Employees at the U.S. Department of Education won't face furloughs due to the cuts from sequestration, according to a memo sent to staff late this afternoon. U.S. Secretary of Education Arne Duncan and his team think furloughing staff would make it tough to get grants to school districts, states, and universities.
Here's a snippet from the email Duncan sent to employees today:
"Beyond the obvious impact on each of you, multiple furlough days in the final months of the fiscal year could delay or prevent grants or loans; increase the risk of fraud, waste, and abuse; and make it difficult to carry out the department's mission. Therefore, cutting back on employees' work days at this time would not be in the best interest of the taxpayers, states, schools, and students who benefit from the department's programs."
So where is the department going to take the cuts? From pretty much everywhere else. Overall the department is facing $2.5 billion in sequestration cuts. The cuts will affect Title I, special education, career and technical education, and just about everything else.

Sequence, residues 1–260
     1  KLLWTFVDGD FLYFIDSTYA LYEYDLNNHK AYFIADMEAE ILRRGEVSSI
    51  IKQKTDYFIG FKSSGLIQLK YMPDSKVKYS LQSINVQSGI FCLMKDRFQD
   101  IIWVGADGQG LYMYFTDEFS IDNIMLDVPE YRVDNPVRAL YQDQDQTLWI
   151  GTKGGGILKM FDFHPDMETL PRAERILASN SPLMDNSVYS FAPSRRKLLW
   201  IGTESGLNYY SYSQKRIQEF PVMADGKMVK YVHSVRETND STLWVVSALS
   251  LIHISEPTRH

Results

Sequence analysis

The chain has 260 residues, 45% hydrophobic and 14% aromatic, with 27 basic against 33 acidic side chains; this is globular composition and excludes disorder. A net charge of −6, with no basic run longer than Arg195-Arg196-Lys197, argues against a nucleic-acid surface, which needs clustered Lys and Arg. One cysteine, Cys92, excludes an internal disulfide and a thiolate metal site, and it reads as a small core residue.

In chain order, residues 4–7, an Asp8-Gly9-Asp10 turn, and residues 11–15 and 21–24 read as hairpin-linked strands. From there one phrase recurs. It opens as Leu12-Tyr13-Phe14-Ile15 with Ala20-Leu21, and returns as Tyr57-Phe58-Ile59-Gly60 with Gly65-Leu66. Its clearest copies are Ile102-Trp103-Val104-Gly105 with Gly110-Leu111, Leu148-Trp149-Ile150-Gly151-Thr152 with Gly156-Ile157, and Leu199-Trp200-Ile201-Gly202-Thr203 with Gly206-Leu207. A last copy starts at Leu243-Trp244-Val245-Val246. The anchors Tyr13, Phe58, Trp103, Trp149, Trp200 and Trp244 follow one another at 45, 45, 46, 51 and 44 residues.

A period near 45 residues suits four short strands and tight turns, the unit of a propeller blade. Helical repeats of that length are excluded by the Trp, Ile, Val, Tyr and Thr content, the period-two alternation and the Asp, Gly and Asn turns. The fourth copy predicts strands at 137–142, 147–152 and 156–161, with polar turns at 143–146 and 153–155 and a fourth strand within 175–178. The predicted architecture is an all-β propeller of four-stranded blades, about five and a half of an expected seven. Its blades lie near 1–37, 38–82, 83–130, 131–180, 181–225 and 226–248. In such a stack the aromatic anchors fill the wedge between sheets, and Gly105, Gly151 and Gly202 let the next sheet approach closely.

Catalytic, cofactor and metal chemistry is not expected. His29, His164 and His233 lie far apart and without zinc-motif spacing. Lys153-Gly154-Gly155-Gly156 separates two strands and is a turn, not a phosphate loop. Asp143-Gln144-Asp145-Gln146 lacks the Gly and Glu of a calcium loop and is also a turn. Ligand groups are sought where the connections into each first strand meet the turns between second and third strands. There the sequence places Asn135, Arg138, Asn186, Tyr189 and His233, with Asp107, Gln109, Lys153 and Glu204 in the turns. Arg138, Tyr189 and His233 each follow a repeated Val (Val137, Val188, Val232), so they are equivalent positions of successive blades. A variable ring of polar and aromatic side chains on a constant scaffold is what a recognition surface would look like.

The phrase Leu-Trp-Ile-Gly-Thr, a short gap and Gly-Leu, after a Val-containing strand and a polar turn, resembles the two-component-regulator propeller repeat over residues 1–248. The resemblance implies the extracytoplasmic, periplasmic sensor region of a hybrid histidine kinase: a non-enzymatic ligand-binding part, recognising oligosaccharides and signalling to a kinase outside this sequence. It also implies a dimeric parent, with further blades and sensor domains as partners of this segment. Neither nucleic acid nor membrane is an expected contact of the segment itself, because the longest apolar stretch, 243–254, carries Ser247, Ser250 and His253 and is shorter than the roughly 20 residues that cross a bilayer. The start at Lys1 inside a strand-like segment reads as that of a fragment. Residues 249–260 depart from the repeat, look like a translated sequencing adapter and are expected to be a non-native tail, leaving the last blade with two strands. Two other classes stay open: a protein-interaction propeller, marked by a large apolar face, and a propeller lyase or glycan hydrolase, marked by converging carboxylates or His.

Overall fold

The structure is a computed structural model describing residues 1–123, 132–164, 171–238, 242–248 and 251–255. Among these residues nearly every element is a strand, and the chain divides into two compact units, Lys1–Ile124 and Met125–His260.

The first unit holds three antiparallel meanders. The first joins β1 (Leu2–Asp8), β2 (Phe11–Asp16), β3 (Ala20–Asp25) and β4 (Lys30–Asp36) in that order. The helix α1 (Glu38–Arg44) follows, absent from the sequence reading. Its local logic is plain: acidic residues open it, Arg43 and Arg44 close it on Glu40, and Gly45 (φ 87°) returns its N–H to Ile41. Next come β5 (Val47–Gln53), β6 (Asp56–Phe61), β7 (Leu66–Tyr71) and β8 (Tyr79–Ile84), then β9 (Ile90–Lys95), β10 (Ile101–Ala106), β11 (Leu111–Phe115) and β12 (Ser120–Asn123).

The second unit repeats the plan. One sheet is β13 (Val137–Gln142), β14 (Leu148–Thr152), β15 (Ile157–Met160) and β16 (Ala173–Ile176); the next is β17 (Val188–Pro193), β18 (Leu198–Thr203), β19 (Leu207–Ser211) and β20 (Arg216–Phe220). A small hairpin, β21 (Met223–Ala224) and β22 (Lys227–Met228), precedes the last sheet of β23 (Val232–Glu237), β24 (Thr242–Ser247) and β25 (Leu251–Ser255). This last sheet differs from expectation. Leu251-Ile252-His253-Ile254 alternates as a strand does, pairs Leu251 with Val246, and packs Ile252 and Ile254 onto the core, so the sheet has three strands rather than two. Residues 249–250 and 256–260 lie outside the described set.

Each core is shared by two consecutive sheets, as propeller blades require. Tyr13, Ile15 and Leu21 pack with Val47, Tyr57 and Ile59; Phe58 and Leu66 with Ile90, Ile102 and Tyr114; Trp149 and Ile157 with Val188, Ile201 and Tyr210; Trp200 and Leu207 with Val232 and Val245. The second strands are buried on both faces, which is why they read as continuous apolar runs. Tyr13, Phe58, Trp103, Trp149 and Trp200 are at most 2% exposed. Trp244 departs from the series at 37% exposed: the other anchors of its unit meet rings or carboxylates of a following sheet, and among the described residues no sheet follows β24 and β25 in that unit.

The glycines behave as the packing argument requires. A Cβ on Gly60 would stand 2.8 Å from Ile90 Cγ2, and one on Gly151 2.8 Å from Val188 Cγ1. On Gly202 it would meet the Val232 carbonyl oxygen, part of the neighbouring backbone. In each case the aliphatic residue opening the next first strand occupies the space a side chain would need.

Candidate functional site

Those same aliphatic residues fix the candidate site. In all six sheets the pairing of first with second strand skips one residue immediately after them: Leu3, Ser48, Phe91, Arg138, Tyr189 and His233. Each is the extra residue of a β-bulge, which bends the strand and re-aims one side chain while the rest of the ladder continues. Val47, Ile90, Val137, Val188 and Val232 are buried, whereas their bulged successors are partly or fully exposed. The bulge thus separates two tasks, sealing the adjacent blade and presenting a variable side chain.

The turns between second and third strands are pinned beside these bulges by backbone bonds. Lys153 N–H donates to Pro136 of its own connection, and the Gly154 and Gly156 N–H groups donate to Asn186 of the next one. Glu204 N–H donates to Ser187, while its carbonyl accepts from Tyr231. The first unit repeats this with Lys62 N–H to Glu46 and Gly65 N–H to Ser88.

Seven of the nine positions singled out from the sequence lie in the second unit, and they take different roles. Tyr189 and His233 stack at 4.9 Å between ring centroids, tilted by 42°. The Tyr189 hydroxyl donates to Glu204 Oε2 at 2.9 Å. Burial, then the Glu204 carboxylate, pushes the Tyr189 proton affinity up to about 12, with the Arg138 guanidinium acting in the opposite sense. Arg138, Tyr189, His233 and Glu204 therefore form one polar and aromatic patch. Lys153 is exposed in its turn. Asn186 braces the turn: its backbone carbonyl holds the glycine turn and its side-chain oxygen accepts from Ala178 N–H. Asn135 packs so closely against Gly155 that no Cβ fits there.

And the reductions do not change rules when it comes to maintenance of effort, time periods for using funds, supplement-not-supplant rules, or required set-asides of funds (i.e. money districts in states without waivers have to hold back for choice and tutoring under No Child Left Behind.) Districts and states had been asking for flexibility with those provisions, but it sounds like that wasn't in the cards.
When it comes to competitive grants, the department will try to scale back new competitions as much as they can, rather than take money away from existing grantees for continuation grants. But reducing continuation grants could also be necessary. That could have an impact on programs including Promise Neighborhoods, the Teacher Incentive Fund, and TRIO (a college access program), all of which are funded through continuation grants.
The department has also cut back on hiring in anticipation of the cuts. The agency has lost 773 full-time and part-time staff members due to attrition and retirement since August of 2011, but has hired 437 employees to replace those folks, filling about 57 percent of the vacancies.
The department is also planning to cut back on salaries, travel, contracts, conferences, and other administrative expenses, trimming about $85 million from those areas overall, out of a budget of about $1.65 billion.